The alleged conspiracy appeared to have ties with earlier terrorist attacks in the UK, including the July 7, 2005 (7/7) bombings that killed 52 commuters and wounded 700, and the botched July 21, 2005 (21/7) bombing attempts. It was later revealed that airline plot ringleader Ali had been in telephone contact with 21/7 “Emir” Muktar Said Ibrahim, and was also in Pakistan at around the same time as both Ibrahim and two of the 7/7 plotters – ringleader Mohammed Siddique Khan and his number two, Shehzad Tanweer (Independent, September 9). In the wake of this visit, all four men returned to carry out plots in the UK based around bombs made from hydrogen peroxide, devices never seen before in Britain. It was also revealed that Ali and Sarwar had worked at the same charity shop in East London as Mohammed Hamid, aka “Osama bin London,” who was convicted earlier this year of being a top terror recruiter (BBC, March 7).
However, in the face of what seemed like overwhelming evidence in the public domain, the jury in the case was unable to reach a definitive conclusion on the suspects’ guilt. In the end, they chose to convict Ali, Sarwar and Hussain on the first charge of planning to murder persons unknown, cleared Mohammed Gulzar of any charges relating to the plot, but were unable to reach any verdict on the other four defendants. All of the men aside from Gulzar had previously pled guilty to conspiring to commit a public nuisance, as part of a plot in which they claimed to be carrying out some fake explosions to protest the war in Iraq. The defense claimed the martyrdom videos were part of a fake documentary they planned to release online at the same time. The Crown Prosecution Service has since decided to attempt to re-try seven of the men on both charges, while Gulzar remains detained on unrelated charges (cps.gov.uk, September 10).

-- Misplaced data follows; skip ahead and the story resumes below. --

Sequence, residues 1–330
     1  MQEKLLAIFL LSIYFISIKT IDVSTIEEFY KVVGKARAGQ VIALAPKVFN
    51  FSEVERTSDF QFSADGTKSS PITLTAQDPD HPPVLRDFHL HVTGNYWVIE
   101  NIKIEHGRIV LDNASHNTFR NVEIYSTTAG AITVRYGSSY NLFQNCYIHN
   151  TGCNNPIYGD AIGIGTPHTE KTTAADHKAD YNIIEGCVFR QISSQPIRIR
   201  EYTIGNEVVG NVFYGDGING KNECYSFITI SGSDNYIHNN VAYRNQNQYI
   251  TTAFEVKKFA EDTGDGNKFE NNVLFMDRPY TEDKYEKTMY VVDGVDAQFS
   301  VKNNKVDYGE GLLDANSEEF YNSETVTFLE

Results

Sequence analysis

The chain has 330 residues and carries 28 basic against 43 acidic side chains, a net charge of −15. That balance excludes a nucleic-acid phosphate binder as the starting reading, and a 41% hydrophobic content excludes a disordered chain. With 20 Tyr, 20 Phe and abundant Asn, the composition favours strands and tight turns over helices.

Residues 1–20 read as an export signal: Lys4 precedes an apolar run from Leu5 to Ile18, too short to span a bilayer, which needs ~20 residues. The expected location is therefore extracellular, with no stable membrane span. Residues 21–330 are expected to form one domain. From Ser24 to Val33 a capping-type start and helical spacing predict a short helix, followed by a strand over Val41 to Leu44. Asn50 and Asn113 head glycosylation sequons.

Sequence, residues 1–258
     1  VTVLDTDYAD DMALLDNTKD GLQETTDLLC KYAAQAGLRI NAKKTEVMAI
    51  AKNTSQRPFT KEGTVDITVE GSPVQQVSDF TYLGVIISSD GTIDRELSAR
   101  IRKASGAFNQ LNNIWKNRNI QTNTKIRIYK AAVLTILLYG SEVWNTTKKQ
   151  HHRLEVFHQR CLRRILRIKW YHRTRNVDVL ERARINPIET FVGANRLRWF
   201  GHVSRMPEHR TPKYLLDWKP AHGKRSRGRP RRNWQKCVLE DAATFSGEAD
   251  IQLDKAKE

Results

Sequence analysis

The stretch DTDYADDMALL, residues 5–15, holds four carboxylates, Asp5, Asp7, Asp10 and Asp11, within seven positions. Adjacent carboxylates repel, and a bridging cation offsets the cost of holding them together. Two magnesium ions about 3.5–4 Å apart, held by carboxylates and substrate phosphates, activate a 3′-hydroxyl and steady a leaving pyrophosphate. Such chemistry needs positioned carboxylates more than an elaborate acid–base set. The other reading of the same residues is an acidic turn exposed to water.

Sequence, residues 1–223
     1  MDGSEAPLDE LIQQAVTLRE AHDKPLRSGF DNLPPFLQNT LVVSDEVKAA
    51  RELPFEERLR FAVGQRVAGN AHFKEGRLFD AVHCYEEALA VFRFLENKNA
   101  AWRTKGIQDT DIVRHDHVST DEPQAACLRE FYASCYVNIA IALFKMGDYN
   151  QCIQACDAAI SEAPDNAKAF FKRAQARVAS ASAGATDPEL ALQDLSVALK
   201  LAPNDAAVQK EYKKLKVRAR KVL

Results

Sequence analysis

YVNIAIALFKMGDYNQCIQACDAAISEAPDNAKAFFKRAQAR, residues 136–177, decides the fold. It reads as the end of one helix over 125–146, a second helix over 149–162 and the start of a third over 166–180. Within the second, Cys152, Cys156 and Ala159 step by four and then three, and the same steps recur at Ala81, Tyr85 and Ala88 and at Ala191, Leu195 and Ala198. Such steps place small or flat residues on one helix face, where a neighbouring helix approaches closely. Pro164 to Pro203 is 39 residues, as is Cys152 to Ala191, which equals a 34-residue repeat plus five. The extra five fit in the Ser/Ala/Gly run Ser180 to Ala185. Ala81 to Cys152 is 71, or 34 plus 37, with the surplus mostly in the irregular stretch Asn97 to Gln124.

There were signs during the jury’s deliberations that things were not going to be as clear-cut as might be expected. In late August, Justice David Calvert-Smith indicated to the jurors that a majority verdict would be acceptable, something that is usually indicative of an undecided jury (BBC, August 26). Subsequently, it was also been revealed that there were a number of issues impeding the jury, which in the end deliberated for a total of 11 days over a five week period. A two-week holiday was granted in the middle of deliberations and at various points, jurors demanded time off to go to hospital, doctors’ appointments, and training courses (The Times, September 10).